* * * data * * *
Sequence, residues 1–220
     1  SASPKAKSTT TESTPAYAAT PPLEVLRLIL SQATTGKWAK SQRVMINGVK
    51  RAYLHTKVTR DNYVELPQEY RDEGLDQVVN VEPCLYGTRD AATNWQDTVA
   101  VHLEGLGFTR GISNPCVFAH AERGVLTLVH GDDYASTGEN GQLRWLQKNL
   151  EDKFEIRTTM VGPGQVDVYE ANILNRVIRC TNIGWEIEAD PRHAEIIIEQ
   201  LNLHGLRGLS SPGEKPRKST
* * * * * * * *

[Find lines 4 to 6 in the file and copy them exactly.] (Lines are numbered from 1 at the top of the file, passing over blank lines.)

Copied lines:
   101  VHLEGLGFTR GISNPCVFAH AERGVLTLVH GDDYASTGEN GQLRWLQKNL
   151  EDKFEIRTTM VGPGQVDVYE ANILNRVIRC TNIGWEIEAD PRHAEIIIEQ
   201  LNLHGLRGLS SPGEKPRKST